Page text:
Uruguay Arts and Music

By | December 20, 2021


From the colonial period to the 19th century

The architecture of the period of Spanish and Portuguese domination follows European ways: the first designers were military engineers (Portuguese fortresses of San Miguel and Santa Teresa, in the East; in Montevideo, the Spanish ones: La ciudadela, by D. Cardoso, 1742, destroyed; Cerro, by J. Del Pozo y Marquy, 1809) who also built religious buildings (parish churches in the cities of San Carlos, Del Pozo y Marquy, and Maldonado, by C. Saa y Faria). At the turn of the 18th century. the Spanish architect T. Toribio introduced neoclassicism (Montevideo: facade of the cathedral, begun by C. Saa y Faria in 1790; Cabildo, 1804-11). His successor was his son José (wing of the San José y la Caridad hospital, 1825, and the Montero house, 1831, also in Montevideo).

With the Republic, the 1829 order for the demolition of the walls of Montevideo (born as a fortress-city in 1726) marks a new course: the Italian C. Zucchi, of French training, designed the Plaza Independencia (1837) which connects the Ciudad nueva, drawn by the engineer general JM Reyes in 1832-33, and the Ciudad vieja, delineated by the engineer captain Domingo Petrarca, the Solís Theater (1841-56, completed by F. Garmendia and C. Césari), the Elías Gil house (1837), later Palace of Justice. After the end of the Great War (1851), neoclassicism introduced by the Swiss Poncini dominated: between 1857 and 1863 Bernardo completed various works in Montevideo (cathedral; hospital; arrangement of Plaza Independencia; Chapel of the rotunda in the central cemetery); Francesco built Nuestra Señora del Pilar (1862) in Paysandú. Eclecticism is introduced to Montevideo by the Frenchman V. Rabu (San Francisco, 1865; Capella Jackson, 1871) and by the Uruguayans I. Pedralbez (houses of F. Gómez, 1875, and of A. Berro, 1880, later Embassy of Argentina) and J. Masquelez (extension of the hospital, Caja de Pensiones Militares); the Uruguayan JA Capurro (case Morales, seat of the JM Blanes museum, 1872; C. de Castro, 1870; A. de Castro, 1885; Ministry of Foreign Affairs, 1884) and the Italian L. Andreoni (Club Uruguay, 1888; Italian hospital, 1890; central station, 1890). With J. Tosi, art nouveau triumphed, also in Montevideo, the first step towards modernism (Reus al Sur district, project 1888; Palazzo Ser, 1888; Hotel Nacional, later university, project 1890).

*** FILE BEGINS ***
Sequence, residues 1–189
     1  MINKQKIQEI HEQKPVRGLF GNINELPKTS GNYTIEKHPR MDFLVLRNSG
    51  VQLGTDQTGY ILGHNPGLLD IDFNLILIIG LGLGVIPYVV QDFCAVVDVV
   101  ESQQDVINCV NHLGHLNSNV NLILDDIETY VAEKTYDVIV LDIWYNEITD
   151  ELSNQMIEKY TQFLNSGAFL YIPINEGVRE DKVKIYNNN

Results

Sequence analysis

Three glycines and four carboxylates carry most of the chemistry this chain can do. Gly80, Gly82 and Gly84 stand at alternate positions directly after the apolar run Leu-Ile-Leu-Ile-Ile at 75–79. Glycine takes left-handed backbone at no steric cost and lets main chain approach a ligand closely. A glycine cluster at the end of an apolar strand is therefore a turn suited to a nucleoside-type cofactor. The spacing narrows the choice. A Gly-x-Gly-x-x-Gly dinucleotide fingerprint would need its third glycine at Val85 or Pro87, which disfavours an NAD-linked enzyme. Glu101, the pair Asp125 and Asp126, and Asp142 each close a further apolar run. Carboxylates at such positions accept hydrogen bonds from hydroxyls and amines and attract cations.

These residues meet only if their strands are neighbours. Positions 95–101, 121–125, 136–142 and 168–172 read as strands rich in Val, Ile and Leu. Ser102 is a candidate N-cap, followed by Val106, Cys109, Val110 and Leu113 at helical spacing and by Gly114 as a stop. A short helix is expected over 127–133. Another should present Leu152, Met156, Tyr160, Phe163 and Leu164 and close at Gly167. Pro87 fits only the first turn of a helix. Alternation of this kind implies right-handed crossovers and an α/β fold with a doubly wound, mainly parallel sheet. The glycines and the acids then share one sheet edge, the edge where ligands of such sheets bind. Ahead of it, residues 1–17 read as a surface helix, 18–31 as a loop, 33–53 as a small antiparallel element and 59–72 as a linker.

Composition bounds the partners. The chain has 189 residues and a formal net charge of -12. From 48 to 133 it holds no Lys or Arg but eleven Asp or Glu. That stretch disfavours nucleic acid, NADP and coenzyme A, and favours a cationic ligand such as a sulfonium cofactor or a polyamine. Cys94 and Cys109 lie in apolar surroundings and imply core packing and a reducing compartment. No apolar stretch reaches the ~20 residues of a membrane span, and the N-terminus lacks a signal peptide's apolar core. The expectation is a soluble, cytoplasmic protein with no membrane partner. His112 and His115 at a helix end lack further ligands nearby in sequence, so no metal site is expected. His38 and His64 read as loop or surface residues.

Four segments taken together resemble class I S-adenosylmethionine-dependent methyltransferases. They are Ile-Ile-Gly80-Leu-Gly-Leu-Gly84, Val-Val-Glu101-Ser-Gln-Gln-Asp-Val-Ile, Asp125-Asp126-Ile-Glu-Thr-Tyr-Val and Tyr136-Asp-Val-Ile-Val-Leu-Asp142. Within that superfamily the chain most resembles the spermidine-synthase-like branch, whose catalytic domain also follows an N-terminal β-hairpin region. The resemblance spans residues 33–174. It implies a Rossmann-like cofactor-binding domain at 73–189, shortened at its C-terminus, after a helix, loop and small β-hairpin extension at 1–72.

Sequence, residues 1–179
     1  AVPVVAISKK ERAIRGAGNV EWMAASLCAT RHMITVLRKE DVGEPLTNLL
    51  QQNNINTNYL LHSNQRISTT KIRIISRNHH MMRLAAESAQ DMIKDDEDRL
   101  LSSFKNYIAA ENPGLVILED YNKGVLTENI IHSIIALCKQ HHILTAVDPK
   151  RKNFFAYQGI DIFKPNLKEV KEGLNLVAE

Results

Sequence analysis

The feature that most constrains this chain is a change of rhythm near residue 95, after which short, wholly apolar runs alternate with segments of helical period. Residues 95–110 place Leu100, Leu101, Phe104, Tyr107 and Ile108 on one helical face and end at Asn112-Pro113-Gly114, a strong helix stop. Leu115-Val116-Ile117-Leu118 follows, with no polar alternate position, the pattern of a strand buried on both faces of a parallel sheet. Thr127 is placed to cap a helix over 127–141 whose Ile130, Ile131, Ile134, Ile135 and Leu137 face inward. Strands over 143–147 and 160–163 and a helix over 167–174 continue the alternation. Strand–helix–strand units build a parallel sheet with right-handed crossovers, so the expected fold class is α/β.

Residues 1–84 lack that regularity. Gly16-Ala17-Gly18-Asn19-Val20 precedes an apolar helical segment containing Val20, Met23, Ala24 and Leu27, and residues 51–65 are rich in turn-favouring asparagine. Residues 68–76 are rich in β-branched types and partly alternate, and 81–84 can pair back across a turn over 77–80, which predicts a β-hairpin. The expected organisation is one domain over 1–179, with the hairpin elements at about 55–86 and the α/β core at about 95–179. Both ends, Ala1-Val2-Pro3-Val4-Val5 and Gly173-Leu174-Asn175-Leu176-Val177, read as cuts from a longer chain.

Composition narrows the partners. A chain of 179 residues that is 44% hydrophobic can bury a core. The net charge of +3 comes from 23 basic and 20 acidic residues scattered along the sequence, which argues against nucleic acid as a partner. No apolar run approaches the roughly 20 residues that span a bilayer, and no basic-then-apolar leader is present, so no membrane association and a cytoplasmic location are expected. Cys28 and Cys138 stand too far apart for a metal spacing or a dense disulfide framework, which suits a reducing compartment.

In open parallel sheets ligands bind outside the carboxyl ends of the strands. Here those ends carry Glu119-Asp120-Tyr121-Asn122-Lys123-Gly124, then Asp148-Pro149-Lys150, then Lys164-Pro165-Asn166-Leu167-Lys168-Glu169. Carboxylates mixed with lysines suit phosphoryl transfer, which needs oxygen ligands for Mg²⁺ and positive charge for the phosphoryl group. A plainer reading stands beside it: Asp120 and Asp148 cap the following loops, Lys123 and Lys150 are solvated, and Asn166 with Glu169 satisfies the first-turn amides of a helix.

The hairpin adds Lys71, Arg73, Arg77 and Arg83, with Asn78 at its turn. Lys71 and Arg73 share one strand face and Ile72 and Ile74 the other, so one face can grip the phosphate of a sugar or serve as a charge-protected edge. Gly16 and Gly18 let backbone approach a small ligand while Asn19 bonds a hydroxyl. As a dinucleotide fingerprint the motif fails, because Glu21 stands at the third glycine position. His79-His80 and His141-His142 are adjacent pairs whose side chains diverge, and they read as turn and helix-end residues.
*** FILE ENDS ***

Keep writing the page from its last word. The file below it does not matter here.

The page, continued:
In the figurative arts, Franciscans and Jesuits introduced works of religious subjects, mainly wooden sculptures. At the end of the 18th and the beginning of the 19th century. drawings and watercolors date back, made by artists who came to the Uruguay following scientific or military expeditions, which document landscape, flora, fauna, habits, customs, somatic types: the French Dom A.-J. Pernetty; the British A. Earle and C. Martens; the German A. d’Hastrel; the Italian F. Brambilla; the Franco-Brazilian J.-L. Pallière and the German JM Rugendas; in the volume Buenos Aires and Montevideo in a series of pictoresques illustrations taken on the spot (1820) there are etchings of watercolors by E. Essex Vidal (in Uruguay 1816-18 and 1826-28); the French A. Ollivier settled in the Uruguay in 1844. The Spanish M. Besnes and Irigoyen and the Italian C. Gallino introduced European art to the Uruguay The first prominent artistic personality was JM Blanes, author of historical paintings and local scenes. In addition to his sons Juan Luis and Nicanor, ED Carbajal and H. Espondaburu are among the first native sculptors. After independence (1825), national sentiment expressed itself in works evocative of patriotic battles and in portraits of heroes. With Italian immigration, interest in the Renaissance spread. At the end of the nineteenth century, CF Sáez reacted to the academicism, formed in a Roman environment; the sculpture of the 19th century. it was dominated by Italian artists.


The oldest folkloric substratum, linked to the populations of the Chana-Ciarrua and Tupi-Guaraní groups, almost disappeared with the European settlement; current popular music is mainly of Spanish origin. Among the forms of dance are the mediacaña, the cielito and the lively pericón (the national dance of the Uruguay); vocal forms are the triste, the cipher, the milonga and the vidalita, all for solo voice, sometimes with guitar accompaniment. A drum, distributed in four measures, already used by the black population of Montevideo for a pantomime with music (candombe) is used to accompany carnival dances. The history of cultured music begins in the Uruguay from the second half of the 17th century. Largely dependent on contemporary European experiences (imported in particular by authors such as the Austrian S. Thalberg and the American LM Gottschalk), it developed in particular thanks to the work of T. Giribaldi (1847-1930), who composed the first Uruguayan melodrama, La parisina (1878), L. Ribeiro (1854-1931), author of the opera Liropeya (1912), L. Sambucetti (1860-1926), director of the National Orchestra and author of the oratory San Francisco de Asís, A Broqua (1876-1946), best remembered for the cantata Tabaré and for the opera La Cruz del Sur. L. Cluzeau-Mortet (1889-1957), V. Ascone (1897-1979), A. Soriano (1915) and others developed a style with a strong national imprint. E. Fabini (1882-1950), C. Cortinas (1890-1918), C. Estrada (1909-1970), B. Reyes, M. Maidanik, R. Storm, L. Campodonico and C. Metrogiovanni are among the personalities most important in the panorama of contemporary Uruguayan music. For Uruguay 1999, please check estatelearning.com.

Uruguay MUSIC